Normally we'd use a rotary debur tool, but access is too tight. To get access, I came up with this idea.
1. Slot a piece of wood
2. Insert sandpaper
3. Slide onto flange
4. Gently and carefully slide back and forth along the length of the flange. The goal here is to remove the burrs, not to sand the flange. It worked really well!
A follower of the blog had asked me why the elevator skin looked wrinkled in the pictures on the bench and the look of wrinkles is due to the protective plastic coating on the sheet aluminum. I've now peeled that back anywhere there are rivet holes so I can properly debur them. I'm leaving the remaining plastic on the skins to help prevent scuffs and scratches as I work with them off the skeleton.
With the elevator skin off the spar, now is a good time to fit the trim servo. The bracket I made will work, but now that I'm fitting it I've discovered something I hadn't thought of. If I have to remove the servo for replacement or repair, orienting it this way (mounting screws are sideways in the bracket) means it will be painful if not impossible to remove it through the access hole!
I decided it best to create a new bracket similar to the one Ron is planning for his 701:
It took a couple of tries to get it right, but it turned out well!
I'll need to add a grommet or strain relief at the pass-though hole to prevent the servo wire from chafing:
The servo will sit on an angle, parallel to the inside of the skin surfaces - the more direct the push/pull rod can be to the trim tab control horn the better.
As I sit on nightshifts at work, I have some time to ponder what else I can do with the Arduino. The ideas are truly endless and easy to implement. One thing that really excites me is the ability to display data on little screens. For example, here is a picture from the internet where an Arduino programmer has an OLED (Organic LED) panel emulating a basic cell phone display. OLED displays are super cheap and highly customizable and some models are capable of displaying in different colours.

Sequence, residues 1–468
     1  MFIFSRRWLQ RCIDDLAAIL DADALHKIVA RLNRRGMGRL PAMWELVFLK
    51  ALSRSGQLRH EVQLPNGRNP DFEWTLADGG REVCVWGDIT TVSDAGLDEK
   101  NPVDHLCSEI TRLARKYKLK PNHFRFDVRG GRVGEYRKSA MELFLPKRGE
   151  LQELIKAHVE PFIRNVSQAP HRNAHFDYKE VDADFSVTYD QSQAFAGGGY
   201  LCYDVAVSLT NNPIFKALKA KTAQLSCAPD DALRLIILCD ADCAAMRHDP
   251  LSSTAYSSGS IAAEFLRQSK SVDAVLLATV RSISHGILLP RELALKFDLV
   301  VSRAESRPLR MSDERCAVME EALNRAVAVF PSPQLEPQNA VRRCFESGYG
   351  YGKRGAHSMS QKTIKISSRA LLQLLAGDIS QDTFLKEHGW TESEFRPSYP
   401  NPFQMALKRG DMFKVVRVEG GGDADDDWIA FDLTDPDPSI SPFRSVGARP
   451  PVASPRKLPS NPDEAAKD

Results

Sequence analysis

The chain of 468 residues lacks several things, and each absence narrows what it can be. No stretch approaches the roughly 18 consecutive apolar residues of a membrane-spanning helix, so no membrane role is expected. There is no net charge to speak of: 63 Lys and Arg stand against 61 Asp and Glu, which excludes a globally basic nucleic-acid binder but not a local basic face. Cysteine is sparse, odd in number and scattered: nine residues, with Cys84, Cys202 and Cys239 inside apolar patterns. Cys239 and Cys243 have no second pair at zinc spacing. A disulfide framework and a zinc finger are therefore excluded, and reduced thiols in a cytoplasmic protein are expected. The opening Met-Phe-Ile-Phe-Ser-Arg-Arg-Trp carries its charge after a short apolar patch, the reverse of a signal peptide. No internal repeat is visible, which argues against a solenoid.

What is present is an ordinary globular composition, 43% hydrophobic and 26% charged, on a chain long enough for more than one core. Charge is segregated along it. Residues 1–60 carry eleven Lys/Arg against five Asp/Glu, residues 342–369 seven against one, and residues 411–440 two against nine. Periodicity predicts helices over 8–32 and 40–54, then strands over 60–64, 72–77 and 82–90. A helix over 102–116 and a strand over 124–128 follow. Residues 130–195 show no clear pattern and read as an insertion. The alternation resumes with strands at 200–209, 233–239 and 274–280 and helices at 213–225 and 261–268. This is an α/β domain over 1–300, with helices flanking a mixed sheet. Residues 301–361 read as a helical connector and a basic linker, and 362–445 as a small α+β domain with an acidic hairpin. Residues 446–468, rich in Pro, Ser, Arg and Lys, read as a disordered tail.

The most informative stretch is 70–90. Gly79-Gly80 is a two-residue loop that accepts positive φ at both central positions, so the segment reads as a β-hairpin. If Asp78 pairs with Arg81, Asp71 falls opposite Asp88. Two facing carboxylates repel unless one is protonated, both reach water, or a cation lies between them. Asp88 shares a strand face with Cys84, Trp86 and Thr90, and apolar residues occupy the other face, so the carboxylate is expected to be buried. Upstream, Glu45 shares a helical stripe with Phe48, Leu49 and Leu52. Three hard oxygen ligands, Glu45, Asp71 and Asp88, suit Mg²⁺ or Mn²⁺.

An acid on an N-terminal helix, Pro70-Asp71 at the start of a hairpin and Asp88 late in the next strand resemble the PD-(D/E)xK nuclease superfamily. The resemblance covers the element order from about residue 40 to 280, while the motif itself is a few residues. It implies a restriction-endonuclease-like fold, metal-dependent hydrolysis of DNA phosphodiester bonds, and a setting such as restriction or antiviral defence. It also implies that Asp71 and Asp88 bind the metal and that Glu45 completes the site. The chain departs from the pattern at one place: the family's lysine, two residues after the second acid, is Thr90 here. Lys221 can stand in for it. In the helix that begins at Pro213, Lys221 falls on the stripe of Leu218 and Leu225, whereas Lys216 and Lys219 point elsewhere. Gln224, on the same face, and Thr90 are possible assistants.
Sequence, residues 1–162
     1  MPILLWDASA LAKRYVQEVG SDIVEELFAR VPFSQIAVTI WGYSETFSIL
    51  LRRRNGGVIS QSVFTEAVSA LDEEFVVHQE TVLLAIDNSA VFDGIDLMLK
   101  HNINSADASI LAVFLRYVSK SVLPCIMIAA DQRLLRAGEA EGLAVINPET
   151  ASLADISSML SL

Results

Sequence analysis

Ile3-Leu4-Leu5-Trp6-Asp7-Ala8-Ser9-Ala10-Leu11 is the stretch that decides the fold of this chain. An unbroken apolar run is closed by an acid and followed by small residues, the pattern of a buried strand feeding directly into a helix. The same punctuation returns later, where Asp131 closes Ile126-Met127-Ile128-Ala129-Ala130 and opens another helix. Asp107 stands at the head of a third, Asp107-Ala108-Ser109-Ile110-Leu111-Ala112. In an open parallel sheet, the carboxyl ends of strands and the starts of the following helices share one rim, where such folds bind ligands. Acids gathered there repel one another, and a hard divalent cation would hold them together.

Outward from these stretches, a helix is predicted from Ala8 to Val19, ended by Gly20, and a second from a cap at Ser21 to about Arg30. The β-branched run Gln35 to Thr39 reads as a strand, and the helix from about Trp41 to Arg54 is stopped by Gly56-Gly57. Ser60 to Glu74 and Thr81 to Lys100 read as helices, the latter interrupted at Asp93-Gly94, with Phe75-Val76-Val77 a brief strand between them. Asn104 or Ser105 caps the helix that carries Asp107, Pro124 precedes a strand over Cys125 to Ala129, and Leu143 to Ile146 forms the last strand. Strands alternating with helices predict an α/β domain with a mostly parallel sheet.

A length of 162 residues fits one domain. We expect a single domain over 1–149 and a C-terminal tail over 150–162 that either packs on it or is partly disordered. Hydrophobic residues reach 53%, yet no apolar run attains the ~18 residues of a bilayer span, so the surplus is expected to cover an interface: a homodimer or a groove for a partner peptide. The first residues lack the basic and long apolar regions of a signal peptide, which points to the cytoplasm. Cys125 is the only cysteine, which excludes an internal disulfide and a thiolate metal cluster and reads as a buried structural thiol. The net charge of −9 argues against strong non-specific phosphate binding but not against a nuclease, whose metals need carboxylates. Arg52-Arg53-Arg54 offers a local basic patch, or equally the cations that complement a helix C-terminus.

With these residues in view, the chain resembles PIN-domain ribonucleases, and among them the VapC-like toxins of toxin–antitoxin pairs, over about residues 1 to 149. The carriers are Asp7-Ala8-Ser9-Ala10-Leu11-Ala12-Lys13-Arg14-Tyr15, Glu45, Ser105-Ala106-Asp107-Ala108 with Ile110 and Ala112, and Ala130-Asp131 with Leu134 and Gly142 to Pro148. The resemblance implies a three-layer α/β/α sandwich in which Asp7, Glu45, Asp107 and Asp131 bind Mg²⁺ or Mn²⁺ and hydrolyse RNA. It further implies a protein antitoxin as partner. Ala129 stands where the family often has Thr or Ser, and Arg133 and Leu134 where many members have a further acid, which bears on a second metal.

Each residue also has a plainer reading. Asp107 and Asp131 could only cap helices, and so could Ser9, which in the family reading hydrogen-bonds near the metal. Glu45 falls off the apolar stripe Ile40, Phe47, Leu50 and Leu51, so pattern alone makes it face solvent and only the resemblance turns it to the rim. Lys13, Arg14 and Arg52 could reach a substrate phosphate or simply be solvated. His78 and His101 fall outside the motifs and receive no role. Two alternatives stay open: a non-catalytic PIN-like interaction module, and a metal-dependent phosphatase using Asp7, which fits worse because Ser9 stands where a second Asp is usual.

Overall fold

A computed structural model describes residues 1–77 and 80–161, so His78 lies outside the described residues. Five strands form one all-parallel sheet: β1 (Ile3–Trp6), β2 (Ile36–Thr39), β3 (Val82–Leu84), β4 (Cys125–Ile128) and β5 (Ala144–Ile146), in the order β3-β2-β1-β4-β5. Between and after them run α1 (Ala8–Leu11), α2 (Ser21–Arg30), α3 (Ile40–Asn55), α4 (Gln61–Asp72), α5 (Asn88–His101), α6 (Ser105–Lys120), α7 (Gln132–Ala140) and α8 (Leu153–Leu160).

Here is another example of a development board with an OLED display connected to an Arduino mini exactly like the ones I'm using. They are very small in size, but can be used to display lots of things at really bright contrast and resolution.
Here's an animated guage from the interwebs being used for something someone was developing:
If animation can be done, animation in colour can't be much more difficult.
I'm pondering a small display like this on my instrument panel, with a custom display graphic. Perhaps a overhead drawing/graphic of my airplane with animated lights that blink in co-ordination with my navigation/strobe/wig-wag lights! How cool would that be? Here is a (very) rudimentary idea about what it might look like. I can't animate this picture, but I think you get the idea - the red/green nav/beacon/strobe lights would blink or in the case of the landing lights alternate back/forth when in wig-wag mode. Maybe I can animate the prop too hahahaha!:
Maybe instead of the bar graph LED showing elevator trim like I already have planned, I can integrate the bar graph onto an OLED display, either by itself or with the light display above: